Dates Of Visits: May 20 & June 19, 2017
Location: 1417 Park Street, Attleboro, MA
Hours: Trails are open daily dawn to dusk. Office hours are:
Mon-Fri, 9:30 am-4:30 pm
Closed Sat & Sun
Spring, Fall, Winter:
Tues-Sat, 9:30 am-4:30 pm
Sun, 10 am-4 pm
Cost: Free but a $2 donation is suggested for visitors who aren’t members of the Mass. Audubon Society
Parking: There is ample parking inthe main parking lot for about 40 to 50 vehicles.
Trail Size/Difficulty: 1.5 miles, easy
Handicapped Accessible: The nature center and rest rooms are handicapped accessible. The trails at Oak Knoll are not.
Dog friendly: No, most Audubon trails are not pet friendly
Highlights: wildlife, pond, easy trails, geo-caching, summer camp for children, nature center
Website: Oak Knoll Wildlife Sanctuary
Trail Map: Oak Knoll Wildlife Sanctuary Trail Map
Located about a mile and a half from Attleboro Springs Wildlife Sanctuary, Oak Knoll is a fun trail with with scenic views, abundant wildlife and a few other surprises along he way.
Spring was in the air and a rebirth of sorts was happening on the trails. During my first visit, I found these two Northern Water Snakes getting friendly. To be honest, I wasn’t really sure what I was looking at. But, I did think at the time I did hear the faint sounds of Al Green in the air. The naturalist at the nature center told me you could tell they were mating by their interlocked tails.
The Northern Water Snake can be dangerous. Although they usually tend to avoid confrontations, if they feel threatened the snake can bite their predator or perceived predator and their bites can require medical attention. This is why I always tend to keep my distance (these photos were taken with my telephoto lens) and from behind in most of the shots I took except for the one front facing photo.
During my second visit in June, I noticed this turtle on the trail. Since it is unusual for a turtle to be in the trail and its even more unusual for a turtle to not flee when they see a human (I could have pet the turtle I was so close although of course I never would at least not int he wild), I notified the naturalist since I thought maybe the turtle might be injured. The naturalist told me the turtle was most likely laying her eggs as they often do this away away from the water and it was that time of the year when turtles will lay their eggs.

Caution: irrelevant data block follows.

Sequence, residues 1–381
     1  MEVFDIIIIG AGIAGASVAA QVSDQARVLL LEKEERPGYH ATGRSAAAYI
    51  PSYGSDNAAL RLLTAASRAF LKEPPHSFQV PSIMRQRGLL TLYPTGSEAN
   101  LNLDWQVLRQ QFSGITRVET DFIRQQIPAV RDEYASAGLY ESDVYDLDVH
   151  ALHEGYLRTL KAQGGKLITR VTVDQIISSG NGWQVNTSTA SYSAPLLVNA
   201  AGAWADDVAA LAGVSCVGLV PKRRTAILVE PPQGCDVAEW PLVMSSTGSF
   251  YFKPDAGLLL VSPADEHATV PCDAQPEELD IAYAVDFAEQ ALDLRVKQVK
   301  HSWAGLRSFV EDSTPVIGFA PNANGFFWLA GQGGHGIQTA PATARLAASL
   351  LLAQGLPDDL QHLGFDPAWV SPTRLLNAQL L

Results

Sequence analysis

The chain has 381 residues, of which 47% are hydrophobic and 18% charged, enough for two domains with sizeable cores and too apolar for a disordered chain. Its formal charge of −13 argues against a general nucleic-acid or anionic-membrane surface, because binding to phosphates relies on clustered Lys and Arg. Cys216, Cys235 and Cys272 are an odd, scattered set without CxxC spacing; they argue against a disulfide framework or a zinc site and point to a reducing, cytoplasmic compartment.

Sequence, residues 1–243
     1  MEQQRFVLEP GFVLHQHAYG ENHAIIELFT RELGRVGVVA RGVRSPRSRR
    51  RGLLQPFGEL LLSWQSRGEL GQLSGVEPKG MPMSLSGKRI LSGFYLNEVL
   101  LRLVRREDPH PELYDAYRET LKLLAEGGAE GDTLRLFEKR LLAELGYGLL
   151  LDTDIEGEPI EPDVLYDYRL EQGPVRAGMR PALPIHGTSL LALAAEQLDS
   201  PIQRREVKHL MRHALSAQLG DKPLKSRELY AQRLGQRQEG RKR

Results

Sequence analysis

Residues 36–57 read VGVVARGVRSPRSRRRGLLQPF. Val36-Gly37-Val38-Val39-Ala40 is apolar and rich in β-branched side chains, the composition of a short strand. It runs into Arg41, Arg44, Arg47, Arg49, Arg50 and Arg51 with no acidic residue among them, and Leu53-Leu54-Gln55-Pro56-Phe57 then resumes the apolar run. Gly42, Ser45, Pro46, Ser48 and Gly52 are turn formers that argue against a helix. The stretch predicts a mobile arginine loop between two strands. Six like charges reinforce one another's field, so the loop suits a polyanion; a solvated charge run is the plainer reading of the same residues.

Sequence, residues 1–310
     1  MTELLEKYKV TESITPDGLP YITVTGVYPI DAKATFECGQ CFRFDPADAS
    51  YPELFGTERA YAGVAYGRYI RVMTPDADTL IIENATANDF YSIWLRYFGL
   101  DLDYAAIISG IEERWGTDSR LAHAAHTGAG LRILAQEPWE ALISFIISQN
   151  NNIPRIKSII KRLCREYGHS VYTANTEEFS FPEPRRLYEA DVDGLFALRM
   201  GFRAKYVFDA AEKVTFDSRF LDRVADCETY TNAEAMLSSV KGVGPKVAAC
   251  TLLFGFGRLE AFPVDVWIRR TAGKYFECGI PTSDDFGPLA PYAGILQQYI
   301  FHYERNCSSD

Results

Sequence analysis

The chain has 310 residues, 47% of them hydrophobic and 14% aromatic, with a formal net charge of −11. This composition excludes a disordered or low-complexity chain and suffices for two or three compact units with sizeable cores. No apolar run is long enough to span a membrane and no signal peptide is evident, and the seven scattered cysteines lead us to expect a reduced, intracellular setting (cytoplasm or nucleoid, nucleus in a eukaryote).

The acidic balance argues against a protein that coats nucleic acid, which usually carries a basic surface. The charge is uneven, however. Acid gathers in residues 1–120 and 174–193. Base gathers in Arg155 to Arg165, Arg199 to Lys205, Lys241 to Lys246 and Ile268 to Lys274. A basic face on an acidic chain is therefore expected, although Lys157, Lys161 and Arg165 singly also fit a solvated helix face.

The naturalist also informed me that turtles also tend to lay their eggs on warm areas, such as the side of paved roads. This is one of the reasons why turtles often get hit by cars on the side of the road. So, be careful while your driving this time of the year!
The trails at Oak Knoll are easy with some boardwalks that pass over red maple swamps and freshwater marshes. There are a few very slight inclines. But the trails are primarily very easy.
The main trail at Oak Knoll is a loop that leads to and circles around Lake Talaquega (say that 5 times fast). There are some pretty views of the lake along the way.
I also spotted this geocache off the trail. Apparently, a regular visitor at the sanctuary installs these geocaches from time to time.
There are a wide variety of birds and other critters at the sanctuary. This colorful insect is a six pointed tiger beetle. I think they call him Ringo.
There was also butterflies, garter snakes and a variety of birds.
The nature center at the entrance to the trails has amphibians in tanks that are being taken care of while they are rehabbed or are there for educational purposes, particularly for the children who are attending the summer camp they host. They also have some pretty flowers and trees on their grounds.
Today’s Nomad link of the day is the North Attleboro Fish Hatchery by Trails And Walks In Rhode Island. Trails And Walks offers informative and detailed summaries of different trails in and around the Rhode Island area. I appreciate the short but sweet synopsis of each trail and the posts always include one pretty photograph of the area. I may have also used the website to find some places to visit!